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What must be part of the child custody mediation process?

On Behalf of | Oct 24, 2019 | Divorce Mediation |

When a California couple ends a marriage, one of the major concerns they will face is how to deal with child custody. For situations where the parties might be able to come to an amicable agreement, mediation could be a wise alternative to litigation. It is important to understand the mediation process from the beginning. It is also advisable to have legal representation.

Mediators who act in connection with the court must adhere to the law. They will review the files and the intake form prior to beginning mediation. There will be an orientation or parent education that will inform the parents about the following: the disputed issues mediation will seek to settle and the potential outcomes; how the process works and the role of the mediator; circumstances under which the mediator will make specific recommendations; limits to confidentiality; who has access to information that is in the file; how the information from research and experience will be used to settle the case; and how the child’s best interests will be served.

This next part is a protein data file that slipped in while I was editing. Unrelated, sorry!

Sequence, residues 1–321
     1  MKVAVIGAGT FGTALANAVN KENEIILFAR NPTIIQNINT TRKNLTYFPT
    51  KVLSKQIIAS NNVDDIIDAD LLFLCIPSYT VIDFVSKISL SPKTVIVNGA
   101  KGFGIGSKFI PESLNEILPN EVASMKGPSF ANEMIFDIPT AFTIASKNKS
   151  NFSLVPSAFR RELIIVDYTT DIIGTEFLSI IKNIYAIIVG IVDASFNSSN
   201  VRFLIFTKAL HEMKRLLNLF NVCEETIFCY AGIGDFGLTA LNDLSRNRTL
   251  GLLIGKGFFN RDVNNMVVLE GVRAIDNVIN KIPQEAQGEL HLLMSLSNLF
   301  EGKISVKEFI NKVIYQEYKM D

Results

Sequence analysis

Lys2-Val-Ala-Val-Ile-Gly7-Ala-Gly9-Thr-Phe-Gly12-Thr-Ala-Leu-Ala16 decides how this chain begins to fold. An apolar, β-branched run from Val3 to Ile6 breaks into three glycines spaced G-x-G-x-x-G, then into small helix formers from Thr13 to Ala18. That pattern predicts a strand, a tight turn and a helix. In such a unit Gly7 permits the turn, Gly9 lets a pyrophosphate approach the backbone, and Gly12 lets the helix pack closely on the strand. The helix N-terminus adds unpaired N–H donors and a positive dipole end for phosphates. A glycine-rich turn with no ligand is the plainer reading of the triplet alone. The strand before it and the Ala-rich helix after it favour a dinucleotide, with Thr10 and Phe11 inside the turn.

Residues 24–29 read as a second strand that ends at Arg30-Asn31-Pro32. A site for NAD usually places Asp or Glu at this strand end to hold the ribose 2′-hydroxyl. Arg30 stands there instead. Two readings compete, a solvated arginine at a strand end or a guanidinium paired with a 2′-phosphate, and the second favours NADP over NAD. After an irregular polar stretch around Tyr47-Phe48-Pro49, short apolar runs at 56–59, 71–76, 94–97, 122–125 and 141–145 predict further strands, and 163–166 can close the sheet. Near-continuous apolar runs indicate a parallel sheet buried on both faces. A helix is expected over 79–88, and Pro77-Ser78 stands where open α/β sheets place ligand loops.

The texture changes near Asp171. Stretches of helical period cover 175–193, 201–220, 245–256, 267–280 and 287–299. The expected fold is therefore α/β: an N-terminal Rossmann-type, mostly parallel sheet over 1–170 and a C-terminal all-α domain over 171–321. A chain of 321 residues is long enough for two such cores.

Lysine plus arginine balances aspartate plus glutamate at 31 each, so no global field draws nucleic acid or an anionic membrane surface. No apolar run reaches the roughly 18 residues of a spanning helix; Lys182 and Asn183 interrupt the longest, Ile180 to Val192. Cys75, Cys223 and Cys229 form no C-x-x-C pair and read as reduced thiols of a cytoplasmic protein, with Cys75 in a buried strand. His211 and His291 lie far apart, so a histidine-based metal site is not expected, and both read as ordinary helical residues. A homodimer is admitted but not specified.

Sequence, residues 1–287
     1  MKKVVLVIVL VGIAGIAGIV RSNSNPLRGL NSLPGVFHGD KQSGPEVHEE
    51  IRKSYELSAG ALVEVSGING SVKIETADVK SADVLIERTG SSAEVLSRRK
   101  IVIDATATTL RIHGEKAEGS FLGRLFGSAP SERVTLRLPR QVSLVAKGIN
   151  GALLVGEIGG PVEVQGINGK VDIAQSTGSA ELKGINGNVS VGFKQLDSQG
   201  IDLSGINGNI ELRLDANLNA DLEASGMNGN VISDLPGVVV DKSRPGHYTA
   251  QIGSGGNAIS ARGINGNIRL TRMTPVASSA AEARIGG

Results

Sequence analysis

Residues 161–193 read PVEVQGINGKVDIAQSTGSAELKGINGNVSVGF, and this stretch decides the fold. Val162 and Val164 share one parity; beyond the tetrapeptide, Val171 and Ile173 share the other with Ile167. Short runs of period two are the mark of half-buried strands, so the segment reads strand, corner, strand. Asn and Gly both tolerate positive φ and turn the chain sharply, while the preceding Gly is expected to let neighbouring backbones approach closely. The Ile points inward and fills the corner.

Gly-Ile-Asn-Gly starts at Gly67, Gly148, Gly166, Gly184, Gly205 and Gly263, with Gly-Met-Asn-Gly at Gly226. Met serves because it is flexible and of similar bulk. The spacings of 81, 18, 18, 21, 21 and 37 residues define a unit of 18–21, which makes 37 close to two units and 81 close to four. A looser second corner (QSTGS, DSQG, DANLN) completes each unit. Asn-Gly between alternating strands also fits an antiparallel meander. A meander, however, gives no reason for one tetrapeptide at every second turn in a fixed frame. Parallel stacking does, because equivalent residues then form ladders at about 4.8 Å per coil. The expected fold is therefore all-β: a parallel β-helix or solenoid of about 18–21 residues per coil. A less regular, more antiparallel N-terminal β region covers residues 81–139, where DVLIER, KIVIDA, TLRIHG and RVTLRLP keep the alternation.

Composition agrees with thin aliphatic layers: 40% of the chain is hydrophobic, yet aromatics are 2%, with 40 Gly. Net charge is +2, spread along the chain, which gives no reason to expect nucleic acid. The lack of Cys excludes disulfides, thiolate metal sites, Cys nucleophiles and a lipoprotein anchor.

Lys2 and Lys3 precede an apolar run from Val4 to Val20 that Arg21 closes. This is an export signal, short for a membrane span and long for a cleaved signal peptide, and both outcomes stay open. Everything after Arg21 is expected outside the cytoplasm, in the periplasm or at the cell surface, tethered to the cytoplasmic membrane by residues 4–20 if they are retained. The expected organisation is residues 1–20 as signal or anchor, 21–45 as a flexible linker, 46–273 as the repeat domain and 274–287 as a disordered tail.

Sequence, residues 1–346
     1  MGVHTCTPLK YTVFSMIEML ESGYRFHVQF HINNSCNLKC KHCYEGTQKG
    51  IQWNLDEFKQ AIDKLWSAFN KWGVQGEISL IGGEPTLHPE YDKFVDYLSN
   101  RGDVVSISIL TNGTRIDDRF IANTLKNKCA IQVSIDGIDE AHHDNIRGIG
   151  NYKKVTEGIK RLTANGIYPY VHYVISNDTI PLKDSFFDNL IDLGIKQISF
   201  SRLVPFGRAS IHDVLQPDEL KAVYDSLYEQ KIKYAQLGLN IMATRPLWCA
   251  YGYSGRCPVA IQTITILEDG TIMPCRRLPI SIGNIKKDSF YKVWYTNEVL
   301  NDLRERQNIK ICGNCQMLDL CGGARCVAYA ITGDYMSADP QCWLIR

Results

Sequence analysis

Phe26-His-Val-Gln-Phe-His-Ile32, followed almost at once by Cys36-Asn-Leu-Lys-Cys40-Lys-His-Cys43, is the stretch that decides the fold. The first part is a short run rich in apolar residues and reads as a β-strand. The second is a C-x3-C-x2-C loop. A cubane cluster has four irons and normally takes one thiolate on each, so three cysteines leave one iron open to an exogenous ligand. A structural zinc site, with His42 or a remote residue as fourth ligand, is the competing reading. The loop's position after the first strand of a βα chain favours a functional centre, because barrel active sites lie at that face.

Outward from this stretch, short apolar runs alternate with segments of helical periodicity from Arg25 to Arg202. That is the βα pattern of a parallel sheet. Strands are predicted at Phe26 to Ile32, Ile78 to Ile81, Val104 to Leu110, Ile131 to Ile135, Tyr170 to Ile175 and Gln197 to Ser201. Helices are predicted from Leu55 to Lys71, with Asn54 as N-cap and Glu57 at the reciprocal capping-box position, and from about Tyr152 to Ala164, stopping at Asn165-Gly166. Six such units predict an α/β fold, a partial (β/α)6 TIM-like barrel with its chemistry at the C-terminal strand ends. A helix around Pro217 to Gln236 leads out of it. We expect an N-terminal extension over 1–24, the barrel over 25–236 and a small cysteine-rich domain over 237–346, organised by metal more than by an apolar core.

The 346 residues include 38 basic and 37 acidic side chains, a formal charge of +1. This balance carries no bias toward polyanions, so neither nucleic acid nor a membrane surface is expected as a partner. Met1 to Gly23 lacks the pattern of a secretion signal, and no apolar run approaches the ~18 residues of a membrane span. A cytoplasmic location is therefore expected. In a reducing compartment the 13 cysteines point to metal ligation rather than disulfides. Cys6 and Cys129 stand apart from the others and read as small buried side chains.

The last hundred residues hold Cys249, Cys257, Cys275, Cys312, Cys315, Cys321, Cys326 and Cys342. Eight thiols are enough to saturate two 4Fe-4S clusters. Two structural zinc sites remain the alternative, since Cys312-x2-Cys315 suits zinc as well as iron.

The mediator can interview the child at their discretion. The interested parties – including parents, grandparents, siblings and others – can be present or the mediator can interview the child alone. Professionals and agencies can be coordinated with the interview to limit the number of interviews needed. The mediator can help draw up a parenting plan with the interests of the child at the forefront.

If the mediator believes it is impossible to get the parties to have a fair discussion, the mediation can be terminated. The mediation will end with a parenting plan that serves as a summary of what the parents have agreed to or with a recommendation from the mediator.

Some parents can benefit from mediation. Understanding the rules and how the process works before and during the process is a vital part of a successful outcome. To use mediation in lieu of litigation, it is imperative to have a grasp of how it works. For advice and legal protection, discussing the case with a law firm experienced in divorce mediation can be beneficial.


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John T. Chamberlin, Attorney at Law
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